JUNO nominee Buffy Sainte-Marie does things her way

Monday 07th, March 2016 / 02:09
By B. Simm
Photo: Matt Barnes

Photo: Matt Barnes

CALGARY — The title track from Buffy Sainte-Marie’s 1964 debut album was “It’s My Way.” A searing testament of independence and determination that helped launch a career that propelled her through five decades as a folk singer, writer, poet, activist, multimedia artist and philanthropist. In 2015, she re-recorded
 a gripping version of “It’s My Way” for Power In The Blood, which won the Polaris Music Prize for the best Canadian album. This year, that album is up for another two awards: the JUNOs’ Best Contemporary Roots and Best Aboriginal Album of the Year. Buffy took the time to talk about a little about doing it her “way,” unconditional love and the evolving state of Treaty 7.

BeatRoute: “It’s My Way” …You’ve carved out something for yourself. You have both rewards and your burdens, but you’re taking responsibility, you’re accountable for your actions. It’s like an affirmation to be you—carry the weight, you’ll have your day in the sun. A message of strength, leave the bitterness behind. That’s a powerful thing to have. What is it deep inside that gives you that honesty and endurance?

Buffy Sainte-Marie: Thanks for all that. I don’t know what else to call it but the Creator, the Great Spirit, also known as Mother Nature, the Sacred Feminine, the Holy Spirit—I fell in love with music, animals and the Creator as a real little kid when I had nothing else, and it’s always stuck with me through thick and thin, awards and abuse, happy days and sad. It’s been my way, my path, my connection outside of myself to everything and everybody else.

I majored in philosophy so I got to spend years studying – and enjoying – world religions and spirituality, and the song “It’s My Way” puts the emphasis on the word “Way.” People who follow Hindu ways of relating to the Creator talk about a person’s dharma, or way. It means your own path, your style, your road, and that’s what the song is about: finding your own way.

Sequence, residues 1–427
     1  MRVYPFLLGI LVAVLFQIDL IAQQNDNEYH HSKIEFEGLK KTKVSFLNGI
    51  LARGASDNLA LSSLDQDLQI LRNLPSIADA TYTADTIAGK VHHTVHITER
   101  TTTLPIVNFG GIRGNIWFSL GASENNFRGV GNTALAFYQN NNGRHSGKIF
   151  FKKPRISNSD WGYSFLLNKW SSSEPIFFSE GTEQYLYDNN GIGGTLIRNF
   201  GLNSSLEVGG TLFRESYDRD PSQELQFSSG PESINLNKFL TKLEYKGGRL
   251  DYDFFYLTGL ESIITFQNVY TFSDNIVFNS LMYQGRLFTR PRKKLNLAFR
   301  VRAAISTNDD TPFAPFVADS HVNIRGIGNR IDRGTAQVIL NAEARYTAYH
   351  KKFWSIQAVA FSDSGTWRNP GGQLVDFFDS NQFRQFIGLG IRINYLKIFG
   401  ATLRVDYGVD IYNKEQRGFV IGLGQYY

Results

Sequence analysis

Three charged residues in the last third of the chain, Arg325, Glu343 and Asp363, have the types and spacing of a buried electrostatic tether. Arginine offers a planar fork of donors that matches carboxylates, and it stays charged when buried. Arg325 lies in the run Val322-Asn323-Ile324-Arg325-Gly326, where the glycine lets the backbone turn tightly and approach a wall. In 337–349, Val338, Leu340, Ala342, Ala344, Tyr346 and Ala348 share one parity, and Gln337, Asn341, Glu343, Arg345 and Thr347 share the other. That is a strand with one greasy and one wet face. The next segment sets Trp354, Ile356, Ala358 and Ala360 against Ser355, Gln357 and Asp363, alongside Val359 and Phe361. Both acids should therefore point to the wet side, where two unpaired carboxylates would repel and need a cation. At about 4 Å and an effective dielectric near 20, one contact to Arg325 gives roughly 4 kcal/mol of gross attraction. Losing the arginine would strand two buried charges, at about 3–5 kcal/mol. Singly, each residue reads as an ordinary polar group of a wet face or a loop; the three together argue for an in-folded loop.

Not to be confused with Frank Sinatra singing Paul Anka’s song “My Way” that emphasizes the word “My.” “It’s my way” is not the same as “it’s my way.”

BR: The romantic in you is busting at the seams on more than one occasion. Smitten at times, and then disappointed with the cold-hearted. Yet “Not the Lovin’ Kind,” which challenges the unaffected with its infectious soul groove, is like an anti-love love song. Is unconditional love always the best recourse?

It’s the ultimate kiss-off song, eh? And it only has two chords — what a miracle. Actually your question is very good, and I feel that unconditional love is not always the best recourse. In my experience unconditional love either happens or doesn’t; and sometimes what feels like unconditional love from someone else has more to do with hormones than with reality. I’ve sometimes loved unwisely or for too long, seeing other people turn a corner where I can’t follow, wherein I had to pull back on my support of the behavior, even though my emotional love continued like a Disney fairy tale, and it can be a real torment. Sometimes we have to have the courage to disconnect from what lacks common sense. Reality is our friend.

Photo: Denise Grant

Photo: Denise Grant

BR: The late Michael Green along with members of Calgary’s One Yellow Rabbit theatre group, embarked on a serious attempt to raise an awareness and better understanding of the circumstances surrounding Treaty 7. I feel he made some progress… the proclamation “We are all Treaty people” is often heard in the media. Do you think that there’s been a turning point in Canada amongst non-Aboriginals that has begun to show and exert a sincere respect for First Nations people?

BSM: Yes, and I loved the idea of “We are all Treaty people” in theatre. I travel a lot among the high and mighty as well as in the humble grassroots, and I often come across people of all backgrounds who really do get it. We’re continually in the position of educating ourselves and one another, and what a privilege – it can be a lot of fun.

We have to try everything always. Theatre, songs, formal education, activism, writing, backseat conversations, they’re all important strategies for making things clearer, better, more real, more hip. For me in trying to make sense to non-Indigenous people, I try to remember that, #1: they have never had a real chance to know the truth about colonialism and us; #2: we are a very small minority and have had little chance to impact their mainstream consciousness but now we have; and #3: many non-Indian people do take us seriously and would love to know how to help. There’ll never be a better time for Aboriginal people to make friends and impact tomorrow with real positivity. The world is going to keep on turning and we will forever be in the positions of both teacher and learner, so might as well find ways to enjoy it.

Buffy Sainte-Marie headlines the JUNOfest Indigenous Showcase at the Grey Eagle Event Centre on March 31.

BeatRoute Magazine March 2016 Alberta print edition cover. Photo: Matt Barnes

BeatRoute Magazine March 2016 Alberta print edition cover.
Photo: Matt Barnes

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